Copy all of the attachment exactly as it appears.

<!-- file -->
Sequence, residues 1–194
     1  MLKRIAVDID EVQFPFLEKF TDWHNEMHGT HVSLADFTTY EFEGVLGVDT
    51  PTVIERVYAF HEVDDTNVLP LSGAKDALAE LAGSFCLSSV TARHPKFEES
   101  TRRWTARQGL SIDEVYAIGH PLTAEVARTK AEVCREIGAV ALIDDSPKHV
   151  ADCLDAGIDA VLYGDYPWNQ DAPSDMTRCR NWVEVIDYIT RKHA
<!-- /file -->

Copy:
Sequence, residues 1–194
     1  MLKRIAVDID EVQFPFLEKF TDWHNEMHGT HVSLADFTTY EFEGVLGVDT
    51  PTVIERVYAF HEVDDTNVLP LSGAKDALAE LAGSFCLSSV TARHPKFEES
   101  TRRWTARQGL SIDEVYAIGH PLTAEVARTK AEVCREIGAV ALIDDSPKHV
   151  ADCLDAGIDA VLYGDYPWNQ DAPSDMTRCR NWVEVIDYIT RKHA